Central Square, Cambridge is a 10 minute walk from our apartment. It’s not a tourist attraction, nor is it the prettiest square that Cambridge has to offer. Central Square is utilitarian. Bus and subway stops are easy to navigate. Several banks, a couple of churches, and all the major chain drug stores dot the streets surrounding the square. Restaurants and coffee shops are in abundance and whether meeting someone for business or pleasure it’s an easy place to gather.
A couple of years ago the Central Square Wendy’s closed. While we rarely frequented this fast-food establishment, known by the red-haired, freckle-faced little girl on the signs, many others did. Large groups gathered near the front of the restaurant — they were regulars.
It was their place to gather.
I thought of this recently as I read an article about a McDonald’s in Queens that was ‘evicting’ a Korean group for over-staying their welcome. The restaurant has a prescribed 20 minute customer dining period and this group was staying for hours at a time. The writer of the article wanted to find out why – why this McDonald’s? Why didn’t they go to the senior center, a place designed to be used by retirees as a gathering space? What did this group, picking this restaurant, have to do with urban space?
This McDonald’s had become a “Naturally Occurring Retirement Community” or a NORC. There were several reasons why this happened. One was just proximity. When questioned all but one said they lived within one or two blocks of the restaurant so they could come without assistance at any time they chose. The second was that this particular McDonald’s had large picture windows, perfect for people watching.
But ultimately – it was all about community and finding a place in the city.
All this makes me think about community and finding our spaces. We are designed to be dependent on one another, to not live in isolation. This is an undeniable thread in our DNA. So we will search and search to find that community, whether it be at a McDonald’s in Queens or an online chat room. The places and spaces we find may not make sense to outsiders looking in– why this McDonald’s and not a burger king down the road? And some of the communities we find are not healthy, not life-giving. But if questioned, we all have our reasons for why we have picked the community and the space that we pick.
If anything proves our deep longing and search for community it is the results you get when you google “How to find community”. In under a second I got 1,810,000,000 results. My jaw dropped when I saw this. In fact I had to count the zeros.
We want to be welcomed in to a physical space that is close to us, to a place with those who are like us where we can sit together and watch the world outside go by, to a place where time stops and all life makes sense while we’re together.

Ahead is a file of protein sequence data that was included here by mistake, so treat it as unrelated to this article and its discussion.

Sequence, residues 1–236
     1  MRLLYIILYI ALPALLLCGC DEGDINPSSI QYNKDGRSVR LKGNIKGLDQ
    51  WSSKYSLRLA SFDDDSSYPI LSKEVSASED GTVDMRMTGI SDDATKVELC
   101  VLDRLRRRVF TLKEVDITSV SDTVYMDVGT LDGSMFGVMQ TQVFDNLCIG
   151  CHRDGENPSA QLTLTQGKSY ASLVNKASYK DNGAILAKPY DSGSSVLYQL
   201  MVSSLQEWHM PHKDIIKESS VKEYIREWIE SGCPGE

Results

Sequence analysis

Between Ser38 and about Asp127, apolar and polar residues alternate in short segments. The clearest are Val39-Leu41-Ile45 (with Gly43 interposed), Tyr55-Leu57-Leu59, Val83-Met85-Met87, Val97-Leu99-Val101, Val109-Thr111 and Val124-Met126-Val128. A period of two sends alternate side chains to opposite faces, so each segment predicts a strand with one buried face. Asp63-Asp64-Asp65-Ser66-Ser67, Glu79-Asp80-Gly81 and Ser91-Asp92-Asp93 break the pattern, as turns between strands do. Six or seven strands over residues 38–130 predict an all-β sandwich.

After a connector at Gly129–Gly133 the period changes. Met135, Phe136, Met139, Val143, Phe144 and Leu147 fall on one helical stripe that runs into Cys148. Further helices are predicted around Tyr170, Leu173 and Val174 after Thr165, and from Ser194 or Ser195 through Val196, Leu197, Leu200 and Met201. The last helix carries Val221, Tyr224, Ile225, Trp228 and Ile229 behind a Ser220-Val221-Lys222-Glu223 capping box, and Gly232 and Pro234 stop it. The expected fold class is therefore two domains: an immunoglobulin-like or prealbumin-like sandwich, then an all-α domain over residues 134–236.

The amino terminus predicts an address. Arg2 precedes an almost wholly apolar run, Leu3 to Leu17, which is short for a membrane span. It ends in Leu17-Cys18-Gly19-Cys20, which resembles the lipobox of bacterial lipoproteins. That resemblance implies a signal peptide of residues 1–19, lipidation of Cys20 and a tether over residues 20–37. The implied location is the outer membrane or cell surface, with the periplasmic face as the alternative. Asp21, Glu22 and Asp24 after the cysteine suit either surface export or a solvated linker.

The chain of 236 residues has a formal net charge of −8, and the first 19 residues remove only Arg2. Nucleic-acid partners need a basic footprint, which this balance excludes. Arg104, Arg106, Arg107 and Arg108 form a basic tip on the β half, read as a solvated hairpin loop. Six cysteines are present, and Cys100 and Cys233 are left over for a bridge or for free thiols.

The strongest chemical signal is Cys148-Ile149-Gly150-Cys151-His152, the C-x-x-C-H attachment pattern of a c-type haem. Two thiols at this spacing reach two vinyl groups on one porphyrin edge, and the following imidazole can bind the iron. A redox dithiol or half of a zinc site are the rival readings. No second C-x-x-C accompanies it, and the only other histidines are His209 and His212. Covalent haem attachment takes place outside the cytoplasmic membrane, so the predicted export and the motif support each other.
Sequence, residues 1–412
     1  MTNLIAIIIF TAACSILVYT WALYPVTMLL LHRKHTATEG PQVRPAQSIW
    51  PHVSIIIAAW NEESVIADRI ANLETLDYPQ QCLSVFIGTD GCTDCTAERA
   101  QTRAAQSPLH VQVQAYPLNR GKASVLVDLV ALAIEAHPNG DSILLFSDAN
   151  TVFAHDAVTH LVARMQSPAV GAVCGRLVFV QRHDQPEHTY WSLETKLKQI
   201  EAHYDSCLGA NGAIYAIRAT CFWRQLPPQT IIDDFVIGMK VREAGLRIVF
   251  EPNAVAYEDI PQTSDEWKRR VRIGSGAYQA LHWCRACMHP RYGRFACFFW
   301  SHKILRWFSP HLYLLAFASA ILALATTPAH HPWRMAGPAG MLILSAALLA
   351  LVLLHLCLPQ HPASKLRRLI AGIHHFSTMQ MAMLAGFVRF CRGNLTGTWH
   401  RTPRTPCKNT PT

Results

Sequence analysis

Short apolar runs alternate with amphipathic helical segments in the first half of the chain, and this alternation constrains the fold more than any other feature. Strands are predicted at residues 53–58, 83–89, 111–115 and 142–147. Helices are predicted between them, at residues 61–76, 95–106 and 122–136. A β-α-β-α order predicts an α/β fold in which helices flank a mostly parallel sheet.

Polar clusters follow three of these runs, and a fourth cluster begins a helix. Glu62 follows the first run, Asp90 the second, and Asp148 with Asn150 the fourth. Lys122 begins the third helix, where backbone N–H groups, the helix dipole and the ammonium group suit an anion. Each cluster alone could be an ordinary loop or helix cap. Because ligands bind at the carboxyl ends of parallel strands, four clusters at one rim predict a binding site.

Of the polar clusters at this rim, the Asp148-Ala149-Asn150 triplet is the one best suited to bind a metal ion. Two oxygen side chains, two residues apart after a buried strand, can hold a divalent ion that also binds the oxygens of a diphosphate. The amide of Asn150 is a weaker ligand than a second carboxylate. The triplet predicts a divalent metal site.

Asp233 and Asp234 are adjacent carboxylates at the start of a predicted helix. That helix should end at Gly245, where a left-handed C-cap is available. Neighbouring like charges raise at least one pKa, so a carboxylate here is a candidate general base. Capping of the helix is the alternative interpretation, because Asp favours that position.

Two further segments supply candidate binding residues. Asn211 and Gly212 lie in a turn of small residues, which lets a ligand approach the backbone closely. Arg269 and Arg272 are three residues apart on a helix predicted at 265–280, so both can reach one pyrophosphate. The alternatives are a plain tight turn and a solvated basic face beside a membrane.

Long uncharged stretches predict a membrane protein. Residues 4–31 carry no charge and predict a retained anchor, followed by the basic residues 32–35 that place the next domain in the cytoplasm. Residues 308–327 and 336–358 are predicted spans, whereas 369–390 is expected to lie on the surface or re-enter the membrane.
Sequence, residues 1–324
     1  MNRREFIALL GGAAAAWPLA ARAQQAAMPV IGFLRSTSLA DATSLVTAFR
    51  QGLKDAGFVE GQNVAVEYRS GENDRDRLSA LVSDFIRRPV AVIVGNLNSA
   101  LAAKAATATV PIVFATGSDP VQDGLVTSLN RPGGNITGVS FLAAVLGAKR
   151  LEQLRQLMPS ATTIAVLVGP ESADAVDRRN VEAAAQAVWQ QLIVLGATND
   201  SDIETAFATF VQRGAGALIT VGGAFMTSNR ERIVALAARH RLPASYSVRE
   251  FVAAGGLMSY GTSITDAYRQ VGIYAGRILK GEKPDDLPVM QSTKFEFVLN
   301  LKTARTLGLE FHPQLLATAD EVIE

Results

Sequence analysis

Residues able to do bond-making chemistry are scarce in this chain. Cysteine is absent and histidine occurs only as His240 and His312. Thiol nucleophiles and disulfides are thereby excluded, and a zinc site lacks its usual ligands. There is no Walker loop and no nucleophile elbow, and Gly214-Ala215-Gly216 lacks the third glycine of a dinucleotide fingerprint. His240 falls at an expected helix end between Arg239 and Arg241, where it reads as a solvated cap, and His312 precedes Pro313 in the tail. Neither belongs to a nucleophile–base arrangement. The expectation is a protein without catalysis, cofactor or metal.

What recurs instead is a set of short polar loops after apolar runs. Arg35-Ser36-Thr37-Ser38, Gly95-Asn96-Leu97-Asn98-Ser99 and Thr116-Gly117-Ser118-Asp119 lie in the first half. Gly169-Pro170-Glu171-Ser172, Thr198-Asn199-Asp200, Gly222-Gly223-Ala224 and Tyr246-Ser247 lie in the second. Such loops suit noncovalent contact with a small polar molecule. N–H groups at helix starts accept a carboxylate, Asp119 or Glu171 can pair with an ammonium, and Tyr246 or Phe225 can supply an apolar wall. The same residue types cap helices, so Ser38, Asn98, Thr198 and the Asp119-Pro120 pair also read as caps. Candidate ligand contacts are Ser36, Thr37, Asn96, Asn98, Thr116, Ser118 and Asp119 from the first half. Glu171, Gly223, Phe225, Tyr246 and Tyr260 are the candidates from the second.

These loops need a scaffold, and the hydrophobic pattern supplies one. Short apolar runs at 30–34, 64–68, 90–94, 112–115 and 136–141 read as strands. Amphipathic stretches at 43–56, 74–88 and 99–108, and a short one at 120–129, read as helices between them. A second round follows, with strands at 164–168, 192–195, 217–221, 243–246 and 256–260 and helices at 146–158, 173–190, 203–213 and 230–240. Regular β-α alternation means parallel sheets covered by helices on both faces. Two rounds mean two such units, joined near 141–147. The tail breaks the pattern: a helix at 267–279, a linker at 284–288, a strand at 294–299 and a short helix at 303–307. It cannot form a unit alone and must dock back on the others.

We are designed to be dependent.
Which leads me to ask these questions: Do you have a “McDonald’s” in your life? A place where you gather for community and friendship? Where do you find community? Do you believe we are designed for dependence?
Stacy is in Uganda and says this about today’s muffins which are Banana Sour Cream: “Since I’m still in Uganda, once again, I’ve chosen an ingredient that is produced here in abundance, bananas. We’ve been eating them every day and the farm where we are staying grows several types, including ones called Matoki that the Ugandans served cooked and mashed.” Click here for the recipe.
*Image credit: ronfromyork / 123RF Stock Photo. Words added by https://communicatingacrossboundariesblog.com/
3 thoughts on “Designed to be Dependent”
That is a very interesting point! Both the idea of having a community in your life as well as the implications for a TCK. Of course, travelling so much and growing up in many different places makes it harder to find stability and a place to belong. But many TCKs are quick to make friends and try to belong ‘150%’ to the place they are in for the time being. The alternative would be to close yourself off completely in order to avoid these nasty goodbyes, which would ultimately leave you even lonelier.
I guess being a TCK requires a bit more effort from you to find a community and belong (even though it might be for a short time only), but it is possible. I do not say it’s easy. And I am still wondering how much the community has to do in order to welcome us as well.
Another thing TCKs are blessed with is the worldwide community of friends. So we might not have a community right where we’re at, but there’s always a McDonalds to hang out on skype, facebook etc. :)
It surprised me that this article was on a website about third culture kids and crossing cultures. I find that missionary kids and people who are used to traveling many different places have the hardest time being dependent and opening up to others because they know relationships are only temporary. How do you connect the two? How does a MK get become dependent in a community when they know it will just leave?
Hi – thanks for your comment. I hear what you’re saying and yes – there are hundreds of goodbyes…but I don’t think that negates the fact that we are designed for community. I find that MK’s and TCK’s do know about community, They are often used to much tighter communities where they grew up in expat or other missionary circles than they find back in their passport countries.So the struggle with opening up I think is about an inability to find and connect with community in their passport country. To your point on becoming dependent in a community when they know it will just leave — I found that more of a struggle when I began having my own children and we lived overseas. The community I grew up in was far more ‘stable’ than the community we lived in with our children. There were far more goodbyes. Even with that I would say we experienced deeper and better community there than any I’ve experienced in my passport country.